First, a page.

Tales of a Stupid Gardener: Why you Shouldn’t Plant a Willow Tree Next to a Water Feature


“The bestlaid schemes omice an ‘men. Gang aft agley”

-Robert Burns 1785

How appropriate that the above excerpt from the poem To a Mouse, on Turning up Her Nest with a Plough was written by a farmer while he was still holding the plough. He had just destroyed a mouse’s home right before the winter. You may recognize it from the wonderful Steinbeck novel, Of Mice and Men. Basically it translates as the best laid schemes of mice and men often go awry. And so it goes for me.

I don’t know how you like to spend your Sunday mornings, but I really enjoy eating crow. At least I seem to really like doing so because I do it so often. My hindsight is that of an eagle with laser vision surgery but my foresight amounts to something resembling Ray Charles with dark shades in a dark cave. At night.

Apparently I really really really enjoy spending countless hours on back-breaking landscaping efforts only to have them come back and bite me in the ass. Good exercise, terrible gardening. Does life grade on a curve? I hope so because I’m bordering on the fail side of pass/fail. I need to remind myself that having additional chromosomes is not a bonus, but a hindrance.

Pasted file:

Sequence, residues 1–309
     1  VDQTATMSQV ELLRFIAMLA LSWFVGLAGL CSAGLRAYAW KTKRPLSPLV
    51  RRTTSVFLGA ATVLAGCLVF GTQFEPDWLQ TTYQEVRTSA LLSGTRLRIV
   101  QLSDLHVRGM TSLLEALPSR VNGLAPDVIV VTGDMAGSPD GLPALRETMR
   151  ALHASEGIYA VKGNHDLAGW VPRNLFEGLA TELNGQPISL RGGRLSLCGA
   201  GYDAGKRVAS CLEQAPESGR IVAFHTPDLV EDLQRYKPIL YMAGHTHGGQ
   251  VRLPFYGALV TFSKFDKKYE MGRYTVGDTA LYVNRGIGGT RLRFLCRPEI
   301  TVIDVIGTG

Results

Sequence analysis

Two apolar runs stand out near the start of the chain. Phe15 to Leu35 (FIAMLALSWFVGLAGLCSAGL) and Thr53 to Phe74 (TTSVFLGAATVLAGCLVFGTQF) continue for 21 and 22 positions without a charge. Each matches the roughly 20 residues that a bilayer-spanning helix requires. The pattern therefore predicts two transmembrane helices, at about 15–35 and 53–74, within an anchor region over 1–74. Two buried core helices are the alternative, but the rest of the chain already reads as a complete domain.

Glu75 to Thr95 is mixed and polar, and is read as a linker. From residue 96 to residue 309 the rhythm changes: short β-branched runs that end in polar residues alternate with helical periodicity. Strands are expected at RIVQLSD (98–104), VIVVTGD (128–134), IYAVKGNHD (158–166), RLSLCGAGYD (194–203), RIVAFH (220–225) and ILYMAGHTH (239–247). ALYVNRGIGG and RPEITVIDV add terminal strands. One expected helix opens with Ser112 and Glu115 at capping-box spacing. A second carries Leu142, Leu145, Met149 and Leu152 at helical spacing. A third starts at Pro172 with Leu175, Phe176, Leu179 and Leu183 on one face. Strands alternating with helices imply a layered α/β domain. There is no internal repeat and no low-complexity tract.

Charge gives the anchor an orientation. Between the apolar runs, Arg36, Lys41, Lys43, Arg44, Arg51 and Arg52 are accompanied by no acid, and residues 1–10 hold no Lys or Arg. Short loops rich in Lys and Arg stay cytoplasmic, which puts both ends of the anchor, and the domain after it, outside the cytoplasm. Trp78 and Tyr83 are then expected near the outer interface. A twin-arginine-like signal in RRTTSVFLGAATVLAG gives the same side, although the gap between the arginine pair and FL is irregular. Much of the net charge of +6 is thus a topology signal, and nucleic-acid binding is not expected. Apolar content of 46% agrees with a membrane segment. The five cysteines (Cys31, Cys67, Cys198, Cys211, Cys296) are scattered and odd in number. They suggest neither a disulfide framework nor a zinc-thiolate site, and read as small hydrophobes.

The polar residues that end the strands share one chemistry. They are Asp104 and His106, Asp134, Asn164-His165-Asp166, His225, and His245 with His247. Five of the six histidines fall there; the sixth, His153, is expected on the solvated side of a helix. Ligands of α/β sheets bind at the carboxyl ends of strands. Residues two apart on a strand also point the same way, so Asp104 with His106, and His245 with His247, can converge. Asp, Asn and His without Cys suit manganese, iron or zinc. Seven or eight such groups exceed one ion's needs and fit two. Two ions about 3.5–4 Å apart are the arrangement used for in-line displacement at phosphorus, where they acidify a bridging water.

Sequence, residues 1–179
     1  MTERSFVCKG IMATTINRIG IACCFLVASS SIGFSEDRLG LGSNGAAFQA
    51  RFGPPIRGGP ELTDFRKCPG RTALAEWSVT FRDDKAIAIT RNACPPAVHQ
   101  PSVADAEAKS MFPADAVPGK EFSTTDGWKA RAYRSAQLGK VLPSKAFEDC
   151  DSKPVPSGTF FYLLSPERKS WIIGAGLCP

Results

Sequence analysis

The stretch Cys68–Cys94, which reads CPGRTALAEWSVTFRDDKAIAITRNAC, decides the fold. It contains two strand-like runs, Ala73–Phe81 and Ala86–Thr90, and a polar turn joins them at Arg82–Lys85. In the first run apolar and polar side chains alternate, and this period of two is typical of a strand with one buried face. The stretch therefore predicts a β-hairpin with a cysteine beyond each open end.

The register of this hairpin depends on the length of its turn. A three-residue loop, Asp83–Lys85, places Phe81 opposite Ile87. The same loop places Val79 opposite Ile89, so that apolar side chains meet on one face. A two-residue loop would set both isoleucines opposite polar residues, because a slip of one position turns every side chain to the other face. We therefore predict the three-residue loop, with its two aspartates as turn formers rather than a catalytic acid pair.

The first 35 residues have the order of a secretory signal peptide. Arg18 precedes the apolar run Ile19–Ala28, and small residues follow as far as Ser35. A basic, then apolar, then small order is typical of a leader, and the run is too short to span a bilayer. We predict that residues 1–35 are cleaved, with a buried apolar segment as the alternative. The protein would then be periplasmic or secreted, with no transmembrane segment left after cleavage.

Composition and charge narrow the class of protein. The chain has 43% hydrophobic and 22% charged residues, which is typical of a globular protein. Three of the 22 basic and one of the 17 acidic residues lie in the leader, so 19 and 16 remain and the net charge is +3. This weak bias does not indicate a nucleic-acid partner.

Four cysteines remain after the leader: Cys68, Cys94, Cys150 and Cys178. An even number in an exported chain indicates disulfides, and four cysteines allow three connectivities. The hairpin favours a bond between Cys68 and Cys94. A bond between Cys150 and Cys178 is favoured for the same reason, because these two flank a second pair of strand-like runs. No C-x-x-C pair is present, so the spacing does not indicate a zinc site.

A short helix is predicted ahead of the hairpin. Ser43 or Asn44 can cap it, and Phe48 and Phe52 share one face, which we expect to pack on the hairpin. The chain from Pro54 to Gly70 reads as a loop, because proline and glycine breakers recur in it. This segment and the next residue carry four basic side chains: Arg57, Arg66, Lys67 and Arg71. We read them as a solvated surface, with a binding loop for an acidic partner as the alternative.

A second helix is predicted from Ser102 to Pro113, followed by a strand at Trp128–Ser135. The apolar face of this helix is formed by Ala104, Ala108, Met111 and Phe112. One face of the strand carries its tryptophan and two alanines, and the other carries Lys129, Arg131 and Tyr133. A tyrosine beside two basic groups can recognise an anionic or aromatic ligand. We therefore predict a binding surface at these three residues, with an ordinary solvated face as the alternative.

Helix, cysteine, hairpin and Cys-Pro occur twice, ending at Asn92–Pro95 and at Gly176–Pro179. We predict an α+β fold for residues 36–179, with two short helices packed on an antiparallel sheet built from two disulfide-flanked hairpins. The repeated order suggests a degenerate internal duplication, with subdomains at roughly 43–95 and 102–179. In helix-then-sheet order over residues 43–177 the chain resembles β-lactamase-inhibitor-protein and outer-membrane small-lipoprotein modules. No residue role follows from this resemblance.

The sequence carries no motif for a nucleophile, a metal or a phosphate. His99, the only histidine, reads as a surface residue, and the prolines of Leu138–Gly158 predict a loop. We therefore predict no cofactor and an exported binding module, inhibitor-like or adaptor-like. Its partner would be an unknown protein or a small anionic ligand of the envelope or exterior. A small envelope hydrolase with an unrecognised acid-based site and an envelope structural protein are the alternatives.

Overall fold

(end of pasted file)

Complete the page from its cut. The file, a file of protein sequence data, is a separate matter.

In short, I’ve done it again. I f’d up. Why break tradition with my usual faux pas? Like when I spent days making a gravel pathway the wrong way. Why quit when you’re behind?

My water feature has quickly become THE most annoying landscaping feature in the known universe. I’d rather try to terraform Mars with nothing but rusty scuba gear and a bag of cow shit than spend any more time with that beautiful beast. I’d probably have more success.

By the way, did you know that the movie The Martian was based on me? A goofy white guy in a foreign neighborhood trying to grow some food. It’s a metaphor for Mind Your Dirt. Do you think I saw a penny of the box office cash? No. No I did not.


So here’s what I had to wrestle with on this chilly Sunday morning. The invasion of the roots from my willow tree that continuously sneak into my water feature.

Tales of a Stupid Gardener 02_Willow Root Ball
A five foot long root ball nightmare!
Tales of a Stupid Gardener 03_Willow Root Ball Detail
This is the face of invasive roots.

And this is only after two months of letting it go!! I’d walk past the waterfall and look at it and sigh deeply. Then I’d scurry off to another project on the other side of the yard. You see, this represents a much larger concern for me. There is a certain finality that I need to come to terms with. One of the two item needs to go away.

Tales of a Stupid Gardener 04_Willow and water feature I